After a late night, we were back at it early for Day 2 of our London Experience. We had decided to trek across town and under the Thames to visit the famous Borough Market for lunch.
On the way, Nick suggested we hop off the Tube early to take a peek at Westminster Abbey. It was an offhand serendipitous suggestion. 30 minutes later, we were drinking mimosas as the Queen drove past. It was the first of an amazing day of “Zen Tour” moments.
When we got off the Tube Station at Westminster, the Abbey’s bells were ringing incessantly. Mary Lynn asked a local policeman what the fuss was. His response: “I am not sure, but I’ve been here for about 20 minutes and I wish it would stop.”
As we got closer to Parliament, the streets were closed and we learned that the Queen was swearing in Boris Johnson as Prime Minister (again). She’d be heading back to Buckingham Palace soon…
With champagne in hand, we went to the curb to watch Queen Elizabeth II ride by in her purple Rolls Royce.
We were completely thrilled. It was 11am on Day 2, we’d seen the Queen, how could we top that? We would give it our best shot…
Guarding the entrance of the Borough Market, is Southwark Cathedral near London Bridge.
Borough Market is one of the largest and oldest food markets in London, with a market on the site dating back to at least the 12th century. With over 100 stalls, treats are everywhere. From the best cup of coffee you may ever drink to gooey Raclette, and it’s nearly impossible to make a decision. Click on images below to expand.
Stuffed, we continued the Christie Zen Tour with a cutter ride up the Thames to Greenwich to explore the town and to see the Cutty Sark. At 28 knots, the Thames Clipper catamarans fly across the water.
The Cutty Sark is a British clipper ship, built in 1869. She was one of the last tea clippers to be built and one of the fastest, coming at the end of a long period of design development, which halted as sailing ships gave way to steam propulsion.
After a devastating fire, funds from the British National Lottery were used for a massive renovation. Now she floats over a museum made of glass in Greenwich Village.
Greenwich is also home to the British National Maritime Museum, the Old Royal Naval College and the Royal Observatory, where the Prime Meridian was created and Greenwich Mean Time (GMT) begins.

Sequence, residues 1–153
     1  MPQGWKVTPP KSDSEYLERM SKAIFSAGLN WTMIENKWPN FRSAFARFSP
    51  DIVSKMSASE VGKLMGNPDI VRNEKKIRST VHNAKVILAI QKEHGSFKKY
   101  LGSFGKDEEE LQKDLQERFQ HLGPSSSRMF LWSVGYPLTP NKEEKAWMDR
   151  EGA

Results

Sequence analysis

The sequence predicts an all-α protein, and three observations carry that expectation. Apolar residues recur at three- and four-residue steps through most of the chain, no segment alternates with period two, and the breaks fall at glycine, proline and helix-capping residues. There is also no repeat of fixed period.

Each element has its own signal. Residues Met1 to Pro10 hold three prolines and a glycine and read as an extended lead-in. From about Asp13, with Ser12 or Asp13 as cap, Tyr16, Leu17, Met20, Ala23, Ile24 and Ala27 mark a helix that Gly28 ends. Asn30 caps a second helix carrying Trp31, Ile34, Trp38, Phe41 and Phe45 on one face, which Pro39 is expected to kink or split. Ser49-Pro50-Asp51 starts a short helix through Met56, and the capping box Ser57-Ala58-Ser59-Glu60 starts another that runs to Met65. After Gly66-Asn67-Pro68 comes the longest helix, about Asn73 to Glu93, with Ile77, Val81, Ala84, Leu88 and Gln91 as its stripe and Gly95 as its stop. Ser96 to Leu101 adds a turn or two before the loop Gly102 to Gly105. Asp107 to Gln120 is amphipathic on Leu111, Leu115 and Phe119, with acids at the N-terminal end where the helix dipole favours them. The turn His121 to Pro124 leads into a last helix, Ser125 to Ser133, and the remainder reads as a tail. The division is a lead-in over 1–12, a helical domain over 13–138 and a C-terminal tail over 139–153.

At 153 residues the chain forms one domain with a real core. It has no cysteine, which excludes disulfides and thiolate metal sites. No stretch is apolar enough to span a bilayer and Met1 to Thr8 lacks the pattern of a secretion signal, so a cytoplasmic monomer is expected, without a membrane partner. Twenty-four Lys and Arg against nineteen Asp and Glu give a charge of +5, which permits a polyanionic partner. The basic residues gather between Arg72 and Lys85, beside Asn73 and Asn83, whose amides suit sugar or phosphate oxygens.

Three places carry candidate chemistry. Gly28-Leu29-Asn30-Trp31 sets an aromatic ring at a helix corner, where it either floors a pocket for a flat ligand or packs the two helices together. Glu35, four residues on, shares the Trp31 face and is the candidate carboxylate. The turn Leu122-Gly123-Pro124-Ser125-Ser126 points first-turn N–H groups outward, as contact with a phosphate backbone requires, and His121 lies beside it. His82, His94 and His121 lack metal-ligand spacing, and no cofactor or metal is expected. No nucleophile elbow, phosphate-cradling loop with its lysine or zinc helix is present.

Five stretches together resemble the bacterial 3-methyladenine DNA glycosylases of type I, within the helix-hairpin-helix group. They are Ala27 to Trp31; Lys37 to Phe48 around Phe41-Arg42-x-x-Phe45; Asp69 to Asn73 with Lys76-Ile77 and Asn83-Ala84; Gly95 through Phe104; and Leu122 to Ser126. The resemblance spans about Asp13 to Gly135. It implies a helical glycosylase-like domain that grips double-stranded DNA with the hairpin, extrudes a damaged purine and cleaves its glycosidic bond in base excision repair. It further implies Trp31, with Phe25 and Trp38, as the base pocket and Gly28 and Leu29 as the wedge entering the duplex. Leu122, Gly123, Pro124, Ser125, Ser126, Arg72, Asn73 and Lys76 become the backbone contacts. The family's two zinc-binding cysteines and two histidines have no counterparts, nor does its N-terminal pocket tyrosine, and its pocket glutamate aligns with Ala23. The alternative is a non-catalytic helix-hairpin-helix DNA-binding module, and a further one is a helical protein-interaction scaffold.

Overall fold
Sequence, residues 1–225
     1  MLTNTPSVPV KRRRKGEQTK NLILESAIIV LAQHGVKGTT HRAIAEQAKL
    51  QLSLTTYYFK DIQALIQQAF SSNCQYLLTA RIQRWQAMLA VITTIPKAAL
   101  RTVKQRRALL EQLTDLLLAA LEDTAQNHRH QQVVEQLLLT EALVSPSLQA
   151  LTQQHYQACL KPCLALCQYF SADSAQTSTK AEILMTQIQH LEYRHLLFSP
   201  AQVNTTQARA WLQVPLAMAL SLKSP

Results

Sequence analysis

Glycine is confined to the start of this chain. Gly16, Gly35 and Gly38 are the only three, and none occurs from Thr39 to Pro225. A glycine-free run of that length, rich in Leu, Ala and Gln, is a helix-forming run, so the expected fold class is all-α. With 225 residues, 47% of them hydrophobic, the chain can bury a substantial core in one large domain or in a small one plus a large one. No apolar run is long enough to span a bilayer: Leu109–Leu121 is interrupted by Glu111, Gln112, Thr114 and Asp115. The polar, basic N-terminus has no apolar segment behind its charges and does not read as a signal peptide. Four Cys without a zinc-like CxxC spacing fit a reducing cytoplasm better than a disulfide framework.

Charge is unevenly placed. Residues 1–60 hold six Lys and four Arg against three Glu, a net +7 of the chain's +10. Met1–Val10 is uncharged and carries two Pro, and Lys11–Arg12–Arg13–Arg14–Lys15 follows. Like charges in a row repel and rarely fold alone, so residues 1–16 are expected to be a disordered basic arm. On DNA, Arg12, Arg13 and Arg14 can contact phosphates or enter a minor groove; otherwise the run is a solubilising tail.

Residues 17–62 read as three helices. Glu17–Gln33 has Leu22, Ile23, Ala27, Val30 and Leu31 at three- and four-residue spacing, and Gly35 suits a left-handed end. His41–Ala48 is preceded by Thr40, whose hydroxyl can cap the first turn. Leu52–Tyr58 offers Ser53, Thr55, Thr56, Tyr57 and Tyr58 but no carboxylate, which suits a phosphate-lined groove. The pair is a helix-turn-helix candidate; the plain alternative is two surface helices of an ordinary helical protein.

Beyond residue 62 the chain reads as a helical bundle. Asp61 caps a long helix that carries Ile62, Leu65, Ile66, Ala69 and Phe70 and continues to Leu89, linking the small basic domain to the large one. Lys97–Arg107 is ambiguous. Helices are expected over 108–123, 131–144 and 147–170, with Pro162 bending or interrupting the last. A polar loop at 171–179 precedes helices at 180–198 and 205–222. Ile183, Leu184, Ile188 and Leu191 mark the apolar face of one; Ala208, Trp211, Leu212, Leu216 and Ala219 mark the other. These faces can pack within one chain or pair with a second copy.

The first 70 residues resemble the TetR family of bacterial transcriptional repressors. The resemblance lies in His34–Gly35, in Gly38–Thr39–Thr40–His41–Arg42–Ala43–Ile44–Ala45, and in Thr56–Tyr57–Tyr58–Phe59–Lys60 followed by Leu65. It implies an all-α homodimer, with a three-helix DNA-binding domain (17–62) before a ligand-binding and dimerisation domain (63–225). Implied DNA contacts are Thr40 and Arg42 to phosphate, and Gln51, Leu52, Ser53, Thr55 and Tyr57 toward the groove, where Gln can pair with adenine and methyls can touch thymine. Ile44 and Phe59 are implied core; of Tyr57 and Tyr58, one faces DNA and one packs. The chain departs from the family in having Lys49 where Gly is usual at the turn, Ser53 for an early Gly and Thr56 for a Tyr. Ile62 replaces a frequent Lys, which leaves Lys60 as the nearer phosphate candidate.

The Ship in the Bottle outside of the British National Maritime Museum in Greenwich. It’s difficult to see the scale but that bottle is about 20 feet long.
After trekking up the highest hill in the area in the search for the Prime Meridian, we spent a bit of time learning about the history of Greenwich Mean Time – here a summary from Wikipedia:
As the United Kingdom developed into an advanced maritime nation, British mariners kept at least one chronometer on GMT to calculate their longitude from the Greenwich meridian, which was considered to have longitude zero degrees, by a convention adopted in the International Meridian Conference of 1884.
Synchronisation of the chronometer on GMT did not affect shipboard time, which was still solar time. But this practice, combined with mariners from other nations drawing from Nevil Maskelyne’s method of lunar distances based on observations at Greenwich, led to GMT being used worldwide as a standard time independent of location. Most time zones were based upon GMT, as an offset of a number of hours (and possibly half or quarter hours) “ahead of GMT” or “behind GMT”.
From 1852 to 1893, the Shepherd master clock was the heart of Britain’s time system. Its time was sent by telegraph wires to London, Edinburgh, Glasgow, Dublin, Belfast and many other cities. By 1866, time signals were sent from the clock to Harvard University in Cambridge, Massachusetts via the new transatlantic submarine cable. In terms of the distribution of accurate time into everyday life, it is one of the most important clocks ever made.
We finally found it! In the dark, the actual Prime Meridian was actually remarkably difficult to locate, but thanks to Tim’s phone we zeroed in on it. We were also treated to a great view of the city from the top of the Observatory hill.
After a full day, we retired to the historic Gypsy Moth Pub for a well-earned pint.
After exploring Greenwich, we got back on the Thames Cutter to return home. In the spirit of the Christie Zen Tours, we decided to ride the Cutter to the very end before she turns around to go back to London. This took us past the London Palladium, and through the Thames Barrier and back under all the lit bridges – all part of the Illuminated River Project the world’s longest piece of artwork. See the nighttime views below:
The Thames Barrier is a moveable flood defense located on the River Thames, downstream of central London. Spanning a cross-section of the river 520 meters wide, the barrier is the second longest movable flood barrier in the world. It was built to protect the densely populated floodplains to the west from floods associated with exceptionally high tides and storm surges.